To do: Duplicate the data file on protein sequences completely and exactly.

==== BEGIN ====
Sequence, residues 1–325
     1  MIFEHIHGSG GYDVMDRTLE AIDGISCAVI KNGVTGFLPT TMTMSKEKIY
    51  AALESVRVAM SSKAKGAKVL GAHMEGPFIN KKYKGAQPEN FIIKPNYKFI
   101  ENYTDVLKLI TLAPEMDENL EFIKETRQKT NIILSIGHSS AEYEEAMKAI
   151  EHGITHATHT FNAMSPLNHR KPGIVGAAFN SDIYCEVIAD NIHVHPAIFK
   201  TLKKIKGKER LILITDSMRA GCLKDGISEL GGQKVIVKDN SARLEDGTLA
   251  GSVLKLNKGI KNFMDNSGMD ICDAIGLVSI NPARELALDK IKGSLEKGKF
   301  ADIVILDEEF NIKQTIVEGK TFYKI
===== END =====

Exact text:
Sequence, residues 1–325
     1  MIFEHIHGSG GYDVMDRTLE AIDGISCAVI KNGVTGFLPT TMTMSKEKIY
    51  AALESVRVAM SSKAKGAKVL GAHMEGPFIN KKYKGAQPEN FIIKPNYKFI
   101  ENYTDVLKLI TLAPEMDENL EFIKETRQKT NIILSIGHSS AEYEEAMKAI
   151  EHGITHATHT FNAMSPLNHR KPGIVGAAFN SDIYCEVIAD NIHVHPAIFK
   201  TLKKIKGKER LILITDSMRA GCLKDGISEL GGQKVIVKDN SARLEDGTLA
   251  GSVLKLNKGI KNFMDNSGMD ICDAIGLVSI NPARELALDK IKGSLEKGKF
   301  ADIVILDEEF NIKQTIVEGK TFYKI